Turbo and the 15-inch MacBook Pro

The 15 and 13 are different enough that I'll address the two separately. Both are huge steps forward compared to their predecessors, but for completely different reasons. Let's start with the 15.

Starting with Sandy Bridge, all 15 and 17-inch MacBook Pros now feature quad-core CPUs. This is a huge deal. Unlike other notebook OEMs, Apple tends to be a one-size-fits-all sort of company. Sure you get choice of screen size, but the options dwindle significantly once you've decided how big of a notebook you want. For the 15 and 17-inch MBPs, all you get are quad-core CPUs. Don't need four cores? Doesn't matter, you're getting them anyway

Evolution of the 15-inch MacBook Pro Early 2011 Mid 2010 Late 2009
CPU Intel Core i7 2.0GHz (QC) Intel Core i5 2.40GHz (DC) Intel Core 2 Duo 2.53GHz (DC)
Memory 4GB DDR3-1333 4GB DDR3-1066 4GB DDR3-1066
HDD 500GB 5400RPM 320GB 5400RPM 250GB 5400RPM
Video Intel HD 3000 + AMD Radeon HD 6490M (256MB) Intel HD Graphics +
NVIDIA GeForce GT 330M (256MB)
NVIDIA GeForce 9400M (integrated)
Optical Drive 8X Slot Load DL DVD +/-R 8X Slot Load DL DVD +/-R 8X Slot Load DL DVD +/-R
Screen Resolution 1440 x 900 1440 x 900 1440 x 900
USB 2 2 2
SD Card Reader Yes Yes Yes
FireWire 800 1 1 1
ExpressCard/34 No No No
Battery 77.5Wh 77.5Wh 73Wh
Dimensions (W x D x H) 14.35" x 9.82" x 0.95" 14.35" x 9.82" x 0.95" 14.35" x 9.82" x 0.95"
Weight 5.6 lbs 5.6 lbs 5.5 lbs
Price $1799 $1799 $1699

Apple was able to rationalize this decision because of one feature: Intel Turbo Boost.

In the ramp to 90nm Intel realized that it was expending a great deal of power in the form of leakage current. You may have heard transistors referred to as digital switches. Turn them on and current flows, turn them off and current stops flowing. The reality is that even when transistors are off, some current may still flow. This is known as leakage current and it becomes a bigger problem the smaller your transistors become.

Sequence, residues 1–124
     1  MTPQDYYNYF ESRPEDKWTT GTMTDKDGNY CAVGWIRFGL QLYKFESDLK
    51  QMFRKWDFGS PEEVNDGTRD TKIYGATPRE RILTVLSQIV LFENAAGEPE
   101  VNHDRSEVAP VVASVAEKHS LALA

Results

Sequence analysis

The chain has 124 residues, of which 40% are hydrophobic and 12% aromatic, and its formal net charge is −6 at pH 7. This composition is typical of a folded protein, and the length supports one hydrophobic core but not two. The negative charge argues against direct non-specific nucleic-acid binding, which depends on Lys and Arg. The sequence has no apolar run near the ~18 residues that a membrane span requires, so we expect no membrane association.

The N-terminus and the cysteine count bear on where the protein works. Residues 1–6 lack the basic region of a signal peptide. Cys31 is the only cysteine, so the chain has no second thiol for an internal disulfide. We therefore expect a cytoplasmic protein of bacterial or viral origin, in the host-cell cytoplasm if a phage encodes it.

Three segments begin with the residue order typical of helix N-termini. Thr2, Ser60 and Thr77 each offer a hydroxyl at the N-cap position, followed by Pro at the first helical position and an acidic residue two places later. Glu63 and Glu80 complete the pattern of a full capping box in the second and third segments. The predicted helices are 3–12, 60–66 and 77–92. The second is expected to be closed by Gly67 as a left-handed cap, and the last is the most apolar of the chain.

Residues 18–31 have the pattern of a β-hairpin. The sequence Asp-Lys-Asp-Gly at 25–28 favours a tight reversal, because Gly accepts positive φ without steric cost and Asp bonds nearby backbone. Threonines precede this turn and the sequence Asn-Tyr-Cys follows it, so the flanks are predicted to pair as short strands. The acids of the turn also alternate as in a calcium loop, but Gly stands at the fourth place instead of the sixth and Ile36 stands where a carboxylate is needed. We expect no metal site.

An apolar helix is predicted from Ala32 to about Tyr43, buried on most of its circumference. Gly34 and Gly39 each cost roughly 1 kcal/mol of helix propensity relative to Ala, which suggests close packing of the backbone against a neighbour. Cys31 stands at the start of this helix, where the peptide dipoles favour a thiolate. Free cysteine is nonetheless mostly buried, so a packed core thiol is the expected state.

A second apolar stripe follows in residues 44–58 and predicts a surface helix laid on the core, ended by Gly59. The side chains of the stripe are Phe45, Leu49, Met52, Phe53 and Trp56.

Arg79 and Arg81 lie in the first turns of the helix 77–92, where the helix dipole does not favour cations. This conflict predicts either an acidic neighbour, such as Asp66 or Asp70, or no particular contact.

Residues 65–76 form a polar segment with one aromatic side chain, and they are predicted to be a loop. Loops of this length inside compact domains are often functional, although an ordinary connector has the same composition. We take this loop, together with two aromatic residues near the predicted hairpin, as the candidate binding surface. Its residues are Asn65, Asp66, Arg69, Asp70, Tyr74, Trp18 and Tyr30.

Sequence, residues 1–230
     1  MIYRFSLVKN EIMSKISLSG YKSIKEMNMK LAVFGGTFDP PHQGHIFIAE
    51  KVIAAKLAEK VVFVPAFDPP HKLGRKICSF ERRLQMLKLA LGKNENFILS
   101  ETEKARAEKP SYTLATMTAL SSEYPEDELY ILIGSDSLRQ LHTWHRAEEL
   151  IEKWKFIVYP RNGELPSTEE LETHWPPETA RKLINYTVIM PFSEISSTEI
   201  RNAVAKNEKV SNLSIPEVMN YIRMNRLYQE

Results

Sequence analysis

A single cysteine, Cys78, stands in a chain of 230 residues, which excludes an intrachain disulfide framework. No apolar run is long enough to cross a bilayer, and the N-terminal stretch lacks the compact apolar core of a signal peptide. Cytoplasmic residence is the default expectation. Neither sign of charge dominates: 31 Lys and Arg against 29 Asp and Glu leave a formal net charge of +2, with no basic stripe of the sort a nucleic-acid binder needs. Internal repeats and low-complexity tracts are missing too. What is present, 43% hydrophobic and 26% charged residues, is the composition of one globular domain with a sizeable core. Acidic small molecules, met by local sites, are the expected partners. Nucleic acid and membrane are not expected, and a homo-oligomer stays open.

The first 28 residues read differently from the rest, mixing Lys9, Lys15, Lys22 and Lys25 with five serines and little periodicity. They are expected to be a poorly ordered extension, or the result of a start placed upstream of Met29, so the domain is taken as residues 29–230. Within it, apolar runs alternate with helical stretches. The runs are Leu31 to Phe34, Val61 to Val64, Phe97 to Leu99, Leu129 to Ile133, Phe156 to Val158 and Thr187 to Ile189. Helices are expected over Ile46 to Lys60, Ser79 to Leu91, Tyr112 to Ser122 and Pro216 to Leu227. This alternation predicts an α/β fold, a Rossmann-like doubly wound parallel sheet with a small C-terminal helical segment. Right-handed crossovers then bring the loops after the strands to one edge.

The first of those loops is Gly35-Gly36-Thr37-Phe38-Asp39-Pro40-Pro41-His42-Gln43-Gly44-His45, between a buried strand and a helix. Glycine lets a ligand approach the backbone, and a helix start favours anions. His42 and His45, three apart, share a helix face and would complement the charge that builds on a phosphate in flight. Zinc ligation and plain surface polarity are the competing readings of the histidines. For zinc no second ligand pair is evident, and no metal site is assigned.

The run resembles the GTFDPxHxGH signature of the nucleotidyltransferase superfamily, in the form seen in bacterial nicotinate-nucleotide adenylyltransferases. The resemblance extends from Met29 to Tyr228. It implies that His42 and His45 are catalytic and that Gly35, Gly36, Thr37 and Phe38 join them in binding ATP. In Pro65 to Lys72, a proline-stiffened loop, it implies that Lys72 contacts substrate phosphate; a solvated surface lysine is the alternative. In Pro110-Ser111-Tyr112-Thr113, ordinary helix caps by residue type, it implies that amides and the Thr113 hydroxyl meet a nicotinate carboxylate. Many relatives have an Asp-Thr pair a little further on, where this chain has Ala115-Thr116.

With Nehalem Intel introduced a new type of transistor into its architecture: the power gate transistor. Put one of these babies in front of the source voltage to a large group of transistors and at the flip of a, err, switch you can completely shut off power to those transistors. No current going to the transistors means effectively no leakage current.

Prior to Intel's use of power gating, we had the next best thing: clock gating. Instead of cutting power to a group of transistors, you'd cut the clock signal. With no clock signal, any clocked transistors would effectively be idle. Any blocks that are clock gated consume no active power, however it doesn't address the issue of leakage power. So while clock gating got you some thermal headroom, it became less efficient as we moved to smaller and smaller transistors.


All four cores in this case have the same source voltage, but can be turned off individually thanks to the power gate above the core

Power gating gave Intel one very important feature: the ability to truly shut off a core when not in use. Prior to power gating Intel, like any other microprocessor company, had to make tradeoffs in choosing core count vs. clock speed. The maximum power consumption/thermal output is effectively a fixed value, physics has something to do with that. If you want four cores in the same thermal envelope as two cores, you have to clock them lower. In the pre-Nehalem days you had to choose between two faster cores or four slower cores, there was no option for people who needed both.

Now, with the ability to mostly turn off idle cores, you can get around that problem. A fully loaded four core CPU will still run at a lower clock than a dual core version, however with power gating if you are only using two cores then you have the thermal headroom to ramp up the clock speed of the two active cores (since the idle ones are effectively off).

Get a little more clever and you can do this power gate and clock up dance for more configurations. Only using one core? Power gate three and run the single active core at a really really high speed. All of this is done by a very complex piece of circuitry on the microprocessor die. Intel introduced it in Nehalem and called it the Power Control Unit (this is why engineers aren't good marketers but great truth tellers). The PCU in Nehalem was about a million transistors, around the complexity of the old Intel 486, and all it did was look at processor load, temperature, power consumption, active cores and clock speed. Based on all of these inputs it would determine what to turn off and what clock speed to run the entire chip at.

Another interesting side effect of the PCU is that if you're using all cores but they're not using the most power hungry parts of their circuitry (e.g. not running a bunch of floating point workloads) the PCU could keep all four active but run them at a slightly higher frequency.

Single Core Dual Core Quad Core
TDP
Tradeoff